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Michael Pento

Michael Pento

Michael Pento produces the weekly podcast "The Mid-week Reality Check", is the President and Founder of Pento Portfolio Strategies and Author of the book "The…

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Europe's Solution isn't More Inflation

We now live in a phony economic world where central bankers rule without check. Any hint of weakening data, which is actually a sign of reality and healing returning to the economy, is quickly met with the promise of more disastrous money printing. Last week we saw U.S. factory orders down and initial jobless claims rise. In Europe, we saw the Spanish bank bailout fall flat on its face and interest rates spike in Spain and Italy. Therefore, in predictable fashion, financial markets soared on the premise that the ECB and Fed must imminently ride to the rescue once again.

Meanwhile, most Main Stream Economists are auditioning for a role with the Weather Channel by blaming the persistently weak economic data on a warmer than typical winter. However, in truth the faltering global economy is resulting from a massive accumulation of debt that has led to a recession/depression in Europe. The same situation will inevitably cause a recession in the U.S., which will continue to cause a reduction in the growth rate of GDP in emerging markets.

But an endless increase in central banks' balance sheets can never be the answer to the malaise we find ourselves in, nor will there be any bailout coming for Europe other than the viability that can eventually arrive out of a cathartic depression.

Don't look for Germany to bailout Europe either. The country will never abdicate its sovereignty to profligate nations and assume the average borrowing costs of southern Europe on their debt. The U.S. shouldn't advise Germany to adopt fiscal unity in Europe unless Treasury Secretary Geithner also thinks it's a good idea to allow Greece the authority to issue T-Bills. Unless they are given complete control of the PIIGS spending and taxing authority, the Germans will most likely abandon their parenting role in Europe in due course.

The only real solution for insolvent Europe is to explicitly default on the debt to a level that brings PIIGS countries to a debt to GDP ratio below 60%. Then to pass balanced budget amendments and adopt tax and regulation reforms that makes them competitive with the rest of the world. Also, they need to adhere to the other strictures of the Maastricht treaty and not fall into the temptation of abandoning the Euro. Their economies will suffer a short depression, but this plan is the least painful option.

Having Greece return to the Drachma and defaulting on their debt through devaluation and money printing is a much worse option. Many are proposing that Greece now leave the Euro and inflate their way out of debt; just like Argentina did during 2002. However, this ignores the fact that the Argentines first defaulted on $100 billion of their external debt before removing their currency's peg to the U.S. dollar. Even though the Peso lost about 75% of its value and caused a brief bout with high inflation, the Argentine central bank did not have to monetize its debt. Therefore, the amount of new money printed was greatly reduced and resulted in a quick rebound in the economy.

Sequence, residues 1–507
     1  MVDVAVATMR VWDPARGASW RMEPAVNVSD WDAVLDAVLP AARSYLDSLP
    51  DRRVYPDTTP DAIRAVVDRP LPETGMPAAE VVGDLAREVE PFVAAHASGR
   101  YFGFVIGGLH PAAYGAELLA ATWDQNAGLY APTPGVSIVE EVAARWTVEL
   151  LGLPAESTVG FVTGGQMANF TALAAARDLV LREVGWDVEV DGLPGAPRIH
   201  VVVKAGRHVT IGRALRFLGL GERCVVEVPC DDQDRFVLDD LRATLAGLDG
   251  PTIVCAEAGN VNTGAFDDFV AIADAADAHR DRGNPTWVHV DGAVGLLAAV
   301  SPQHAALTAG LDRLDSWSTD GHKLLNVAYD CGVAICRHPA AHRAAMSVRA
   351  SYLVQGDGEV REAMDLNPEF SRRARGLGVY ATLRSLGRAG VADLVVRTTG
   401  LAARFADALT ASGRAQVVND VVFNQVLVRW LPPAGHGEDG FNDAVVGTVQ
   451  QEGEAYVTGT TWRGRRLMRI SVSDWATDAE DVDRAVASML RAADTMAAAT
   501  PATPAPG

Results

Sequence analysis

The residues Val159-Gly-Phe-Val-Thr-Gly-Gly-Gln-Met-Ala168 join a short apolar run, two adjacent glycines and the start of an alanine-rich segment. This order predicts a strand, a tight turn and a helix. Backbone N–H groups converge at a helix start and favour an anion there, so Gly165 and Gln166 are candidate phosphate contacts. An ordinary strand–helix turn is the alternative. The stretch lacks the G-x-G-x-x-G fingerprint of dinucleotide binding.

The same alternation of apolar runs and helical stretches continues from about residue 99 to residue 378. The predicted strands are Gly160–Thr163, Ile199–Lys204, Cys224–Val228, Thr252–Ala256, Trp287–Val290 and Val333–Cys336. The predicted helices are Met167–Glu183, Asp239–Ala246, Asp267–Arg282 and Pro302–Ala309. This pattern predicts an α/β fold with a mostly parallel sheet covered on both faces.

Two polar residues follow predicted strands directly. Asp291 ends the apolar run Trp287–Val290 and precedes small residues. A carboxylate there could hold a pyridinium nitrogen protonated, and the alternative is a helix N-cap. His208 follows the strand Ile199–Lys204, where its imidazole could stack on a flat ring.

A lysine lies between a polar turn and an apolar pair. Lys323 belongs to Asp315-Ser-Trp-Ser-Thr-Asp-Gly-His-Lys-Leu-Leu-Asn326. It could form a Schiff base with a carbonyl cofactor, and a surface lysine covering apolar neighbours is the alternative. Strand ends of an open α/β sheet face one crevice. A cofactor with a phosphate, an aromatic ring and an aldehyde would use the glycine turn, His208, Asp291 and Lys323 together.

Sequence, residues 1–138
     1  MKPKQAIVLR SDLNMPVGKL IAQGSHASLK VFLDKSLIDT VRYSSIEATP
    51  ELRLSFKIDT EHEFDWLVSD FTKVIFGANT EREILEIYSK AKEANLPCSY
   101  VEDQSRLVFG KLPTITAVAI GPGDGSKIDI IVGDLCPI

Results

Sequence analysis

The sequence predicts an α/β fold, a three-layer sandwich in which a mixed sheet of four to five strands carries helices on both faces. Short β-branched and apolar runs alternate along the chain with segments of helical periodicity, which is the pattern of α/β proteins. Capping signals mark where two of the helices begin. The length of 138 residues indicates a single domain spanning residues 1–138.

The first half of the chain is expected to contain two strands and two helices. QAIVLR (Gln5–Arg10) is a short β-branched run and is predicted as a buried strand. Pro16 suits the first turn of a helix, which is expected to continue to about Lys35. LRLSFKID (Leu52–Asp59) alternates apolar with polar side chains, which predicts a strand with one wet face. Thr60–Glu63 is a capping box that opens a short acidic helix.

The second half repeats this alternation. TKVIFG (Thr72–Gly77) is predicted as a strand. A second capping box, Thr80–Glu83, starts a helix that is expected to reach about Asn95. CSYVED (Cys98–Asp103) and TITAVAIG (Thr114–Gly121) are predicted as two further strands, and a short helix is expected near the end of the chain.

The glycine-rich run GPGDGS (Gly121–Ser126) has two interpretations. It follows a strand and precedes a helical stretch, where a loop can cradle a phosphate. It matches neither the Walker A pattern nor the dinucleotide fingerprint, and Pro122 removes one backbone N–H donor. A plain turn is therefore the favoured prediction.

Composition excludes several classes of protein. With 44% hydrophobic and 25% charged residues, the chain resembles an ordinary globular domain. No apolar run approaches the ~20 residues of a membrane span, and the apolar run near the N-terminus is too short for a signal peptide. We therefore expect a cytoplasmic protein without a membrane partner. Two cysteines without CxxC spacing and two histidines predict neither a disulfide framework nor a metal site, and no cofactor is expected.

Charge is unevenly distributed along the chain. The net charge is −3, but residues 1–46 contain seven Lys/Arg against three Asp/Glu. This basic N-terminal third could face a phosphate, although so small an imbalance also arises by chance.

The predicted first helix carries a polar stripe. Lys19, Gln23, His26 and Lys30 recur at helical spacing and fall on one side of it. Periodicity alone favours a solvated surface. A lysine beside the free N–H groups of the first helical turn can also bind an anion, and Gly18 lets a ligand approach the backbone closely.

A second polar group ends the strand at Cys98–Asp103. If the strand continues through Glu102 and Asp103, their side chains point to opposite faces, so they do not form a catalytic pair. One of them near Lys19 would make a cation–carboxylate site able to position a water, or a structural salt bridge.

In sharp contrast, the Europeans, Japanese and Americans still cling to the idea that inflation is the answer. PIIGS countries are pursuing an inflationary default that will increase borrowing costs and lead to a depression that will be far worse than if they simply admitted their insolvency and defaulted outright. Devaluing your currency to pay foreign creditors leads to hyperinflation and complete economic chaos. Paying off your debt by printing money was tried in Hungary during 1946 and Germany in 1923, but it resulted in complete devastation and hyperinflation.

If the Eurozone economies persist in the belief that the ECB can restore solvency to bankrupt nations, the Euro could fall back to parity with the dollar within the next 16 months. And if such central bank arrogance persists, the Euro could eventually go the way of the Hungarian Pengo.

Mr. Draghi should acknowledge that money printing hasn't fixed Europe's interest rates or economy.

Our central bank suffers from the same hubris as its European counterpart. Bernanke believes a deflationary recession must be avoided at all costs and that prosperity can be found in a printing press. The U.S. already has a higher debt to GDP ratio than EU (17) and is growing that debt at an unsustainable 8% of GDP per annum. Therefore, if America doesn't remove her addictions to borrowing and printing money, our own sovereign debt and currency crisis can't be more than a few years away.


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